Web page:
The Carter Center also monitored the Venezuelan recall referendum of 2004 (which was designed to determine whether President Hugo Chavez should be recalled from office). According to the Center for Security Policy, the Chavez regime “delayed and obstructed the recall referendum process at every turn. Once the regime was forced to submit to such a referendum, moreover, it used a fraud-filled voting process to ensure victory. The government did everything — including granting citizenship to half a million illegal aliens in a crude vote-buying scheme and ‘migrating’ existing voters away from their local election office — to fix the results in its favor. The outcome was then affirmed and legitimated by … Jimmy Carter’s near-unconditional support. … Carter ignored pleas from the opposition and publicly endorsed the results, despite the fact that the government reneged on its agreement to carry out an audit of the results. Carter’s actions not only gave the Venezuelan regime the legitimacy it craved, but also destroyed the public’s confidence in the voting process and in the effectiveness of international observers.”
b) The Human Rights Program “intervene[es] on behalf of victims of human rights abuses; strengthen[s] the voices of human rights defenders internationally; and build[s] capacity for rule of law in partnerships with civil society, governments, and international organizations.” This program also calls for the worldwide abolition of the death penalty.
c) The Conflict Resolution Program focuses on “helping prevent deadly conflict, mediating differences, … ensuring that peace processes become irreversible at the invitation of parties to disputes, and assisting capacity building for conflict resolution in regional organizations.”
d) The Americas Program seeks to “improve[e] regional cooperation and the deepening of democracy within the Western Hemisphere; thwar[t] corruption; increas[e] transparency, and decreas[e] social inequities to ensure that free and fair elections lead to the consolidation of democratic institutions and rule of law.”
e) The China Program advises China’s Ministry of Civil Affairs on local elections practices, voter education, and data collection.
f) The Global Development Initiative aims to help developing countries “devise their own plans for sustainable development.”
2) Health Programs: According to the Carter Center, “Many of the most severe [physical] afflictions are entirely preventable. Yet people living in developing nations die or are disabled because they do not have access to the services they need to treat their illness or avoid infection entirely. Every day our experts show people how they can take steps to transform their own lives.” The Center’s Health Programs focus on eradicating infectious diseases; improving sanitation and hygiene; developing drug-distribution systems; strengthening health-care delivery infrastructures; increasing access to trained health personnel; improving agricultural techniques; and reducing “stigma and discrimination against people with mental illnesses.”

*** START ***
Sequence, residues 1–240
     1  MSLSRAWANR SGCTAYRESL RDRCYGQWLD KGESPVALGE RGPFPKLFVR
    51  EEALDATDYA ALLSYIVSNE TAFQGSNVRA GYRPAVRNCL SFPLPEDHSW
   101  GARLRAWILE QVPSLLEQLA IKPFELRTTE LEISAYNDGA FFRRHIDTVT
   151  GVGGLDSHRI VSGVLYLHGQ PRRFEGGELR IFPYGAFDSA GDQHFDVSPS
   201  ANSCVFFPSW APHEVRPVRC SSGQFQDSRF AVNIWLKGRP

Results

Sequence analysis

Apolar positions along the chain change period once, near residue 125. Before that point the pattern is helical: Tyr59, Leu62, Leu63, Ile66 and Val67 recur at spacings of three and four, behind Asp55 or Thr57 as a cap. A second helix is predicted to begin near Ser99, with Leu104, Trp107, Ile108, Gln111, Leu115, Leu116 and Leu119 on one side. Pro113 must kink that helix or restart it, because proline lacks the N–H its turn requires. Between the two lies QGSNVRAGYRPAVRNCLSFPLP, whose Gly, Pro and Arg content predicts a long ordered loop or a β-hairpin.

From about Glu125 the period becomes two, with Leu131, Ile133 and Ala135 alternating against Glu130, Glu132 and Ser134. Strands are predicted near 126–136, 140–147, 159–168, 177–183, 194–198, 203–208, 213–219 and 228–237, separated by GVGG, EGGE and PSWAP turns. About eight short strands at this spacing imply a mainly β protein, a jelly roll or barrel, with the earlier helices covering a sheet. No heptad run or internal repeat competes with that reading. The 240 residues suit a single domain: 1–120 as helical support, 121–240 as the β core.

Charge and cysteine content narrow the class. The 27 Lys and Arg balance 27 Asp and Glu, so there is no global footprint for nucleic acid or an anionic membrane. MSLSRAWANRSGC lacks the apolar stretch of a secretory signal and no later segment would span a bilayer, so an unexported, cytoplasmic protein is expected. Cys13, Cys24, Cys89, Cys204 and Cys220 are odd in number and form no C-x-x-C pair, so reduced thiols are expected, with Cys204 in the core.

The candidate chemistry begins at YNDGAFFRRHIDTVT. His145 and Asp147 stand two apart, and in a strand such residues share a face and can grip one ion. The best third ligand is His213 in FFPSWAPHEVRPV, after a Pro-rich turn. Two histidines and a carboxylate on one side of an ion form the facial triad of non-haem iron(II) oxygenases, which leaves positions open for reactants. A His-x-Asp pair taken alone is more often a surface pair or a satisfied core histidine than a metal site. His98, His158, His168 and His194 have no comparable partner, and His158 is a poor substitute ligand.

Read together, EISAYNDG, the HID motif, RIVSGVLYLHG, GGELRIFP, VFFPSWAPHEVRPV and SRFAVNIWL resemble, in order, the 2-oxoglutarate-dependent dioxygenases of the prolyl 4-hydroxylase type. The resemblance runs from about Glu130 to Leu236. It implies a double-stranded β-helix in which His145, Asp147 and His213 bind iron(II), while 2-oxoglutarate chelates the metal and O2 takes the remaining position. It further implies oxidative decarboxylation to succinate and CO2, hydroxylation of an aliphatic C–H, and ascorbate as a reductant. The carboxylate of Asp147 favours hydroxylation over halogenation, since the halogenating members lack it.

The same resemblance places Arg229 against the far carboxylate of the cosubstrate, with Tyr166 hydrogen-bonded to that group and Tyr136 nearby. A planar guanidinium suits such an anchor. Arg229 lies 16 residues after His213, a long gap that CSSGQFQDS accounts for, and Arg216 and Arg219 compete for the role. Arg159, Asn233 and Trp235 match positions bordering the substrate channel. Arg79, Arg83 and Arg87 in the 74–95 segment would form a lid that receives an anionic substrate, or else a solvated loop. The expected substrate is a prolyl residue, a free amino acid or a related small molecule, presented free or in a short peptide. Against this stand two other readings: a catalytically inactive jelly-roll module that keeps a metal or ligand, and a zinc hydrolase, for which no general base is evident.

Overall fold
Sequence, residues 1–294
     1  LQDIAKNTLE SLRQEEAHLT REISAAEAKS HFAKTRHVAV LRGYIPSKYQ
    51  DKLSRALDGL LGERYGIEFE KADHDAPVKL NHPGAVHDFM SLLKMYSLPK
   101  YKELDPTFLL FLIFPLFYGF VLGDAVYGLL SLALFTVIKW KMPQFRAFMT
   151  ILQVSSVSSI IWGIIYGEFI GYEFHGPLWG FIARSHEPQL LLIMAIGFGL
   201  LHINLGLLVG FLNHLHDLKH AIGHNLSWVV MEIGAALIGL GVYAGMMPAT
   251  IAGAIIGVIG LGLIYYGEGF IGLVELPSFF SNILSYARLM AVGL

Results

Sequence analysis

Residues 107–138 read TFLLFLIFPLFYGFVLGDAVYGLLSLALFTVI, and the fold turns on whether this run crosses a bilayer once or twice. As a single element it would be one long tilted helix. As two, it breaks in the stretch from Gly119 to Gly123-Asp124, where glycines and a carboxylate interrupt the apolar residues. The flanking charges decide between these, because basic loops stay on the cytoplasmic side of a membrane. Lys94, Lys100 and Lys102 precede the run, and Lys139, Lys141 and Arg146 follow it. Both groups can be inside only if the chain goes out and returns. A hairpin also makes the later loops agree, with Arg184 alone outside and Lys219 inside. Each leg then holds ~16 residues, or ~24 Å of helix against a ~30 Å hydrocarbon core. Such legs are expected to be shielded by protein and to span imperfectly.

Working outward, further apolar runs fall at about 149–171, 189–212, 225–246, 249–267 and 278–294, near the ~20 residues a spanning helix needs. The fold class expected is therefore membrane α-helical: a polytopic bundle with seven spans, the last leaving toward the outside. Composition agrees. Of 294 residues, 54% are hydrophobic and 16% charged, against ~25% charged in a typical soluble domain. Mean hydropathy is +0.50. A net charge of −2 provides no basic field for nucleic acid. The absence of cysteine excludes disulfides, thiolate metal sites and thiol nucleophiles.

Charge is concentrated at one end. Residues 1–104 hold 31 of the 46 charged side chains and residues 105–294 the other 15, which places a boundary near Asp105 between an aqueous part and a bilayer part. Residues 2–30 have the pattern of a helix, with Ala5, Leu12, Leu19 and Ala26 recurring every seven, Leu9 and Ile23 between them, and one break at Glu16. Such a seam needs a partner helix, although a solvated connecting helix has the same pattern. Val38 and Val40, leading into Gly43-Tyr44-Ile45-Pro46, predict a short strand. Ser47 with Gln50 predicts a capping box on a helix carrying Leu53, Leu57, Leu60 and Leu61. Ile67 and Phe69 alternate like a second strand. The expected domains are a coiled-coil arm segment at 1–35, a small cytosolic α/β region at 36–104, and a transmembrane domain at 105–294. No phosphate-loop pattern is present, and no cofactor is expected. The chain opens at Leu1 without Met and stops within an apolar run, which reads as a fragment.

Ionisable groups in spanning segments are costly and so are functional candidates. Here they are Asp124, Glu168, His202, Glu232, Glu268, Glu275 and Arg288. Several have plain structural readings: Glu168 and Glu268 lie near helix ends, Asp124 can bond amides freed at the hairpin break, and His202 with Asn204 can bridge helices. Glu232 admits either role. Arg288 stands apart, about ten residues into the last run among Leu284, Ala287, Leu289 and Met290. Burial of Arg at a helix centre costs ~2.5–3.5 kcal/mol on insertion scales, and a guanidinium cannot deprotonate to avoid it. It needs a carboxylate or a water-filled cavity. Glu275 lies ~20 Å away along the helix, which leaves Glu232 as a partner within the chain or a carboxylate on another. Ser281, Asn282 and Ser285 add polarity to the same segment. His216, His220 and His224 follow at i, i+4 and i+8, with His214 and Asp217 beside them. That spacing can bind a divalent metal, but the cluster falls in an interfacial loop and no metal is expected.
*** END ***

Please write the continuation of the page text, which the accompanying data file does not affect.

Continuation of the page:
With an annual operating budget of $36 million, the Carter Center is supported by grants from many charitable foundations, including the Bank of America Foundation, the Bill and Melinda Gates Foundation, the Boston Foundation, the Ford Foundation, the Freddie Mac Foundation, the Minneapolis Foundation, the Moriah Fund, the New York Community Trust, the Public Welfare Foundation, the Rockefeller Foundation, the Turner Foundation, the William and Flora Hewlett Foundation, and the W.K. Kellogg Foundation. The four largest donations were from the Bill and Melinda Gates Foundation — a $4 million grant in 2003; a $10 million grant, also in 2003; a $25 million grant in 2005; and a $10 million grant in 2006. From 2000 to 2003, the aggregate sum of foundation, corporate, and individual contributions to the Carter Center was more than $433 million.
The Carter Center has also been a longtime recipient of Arab funding:
Arab donations such as these are encouraged by Mr. Carter’s consistently pro-Arab, anti-Israel perspective regarding the Mideast conflict. There are no corresponding contributions from Israeli sources.
Additional Arab ties to the Carter Center can be found in the form of a few of its founders: the king of Saudi Arabia, Bank of Credit and Commerce International’s Agha Hasan Abedi, and Yasser Arafat‘s friend Hasib Sabbagh.
In December 2006, Kenneth Stein, a professor of Israeli Studies at Emory University and the first Executive Director of the Carter Center, stepped down from his position at the Center and issued a resignation letter in which he described Carter as an incompetent, a liar, and a fraud. Of Carter’s 2006 book Palestine: Peace Not Apartheid, whose title he classified as “too inflammatory to even print,” Stein said that it was “replete with factual errors, copied materials not cited, superficialities, glaring omissions, and simply invented segments.” More troubling than Carter’s attacks on Israel, Stein noted, were his outright misrepresentations. In particular, Stein called attention to “meetings where I was the third person in the room, and my notes of those meetings show little similarity to points claimed in the book.”
On January 11, 2007, fourteen members of the Carter Center’s 200-person Board of Councilors, responsible for building public support for the Center, also resigned to protest Carter’s anti-Israel screed. “You have clearly abandoned your historic role of broker in favor of becoming an advocate for one side,” they wrote in their letter of resignation. “It seems that you have turned to a world of advocacy, including even malicious advocacy,” they added. “We can no longer endorse your strident and uncompromising position. This is not the Carter Center or Jimmy Carter we came to respect and support.” Atlanta real estate developer Steve Berman, who was among those who resigned, said the Board members had “watched with great dismay” as Carter defended the book, especially as he implied that Americans were reluctant to discuss the Arab-Israeli conflict because they feared a powerful Jewish lobby.
In fiscal year 2004-05, the Carter Center took in $172 million in donations.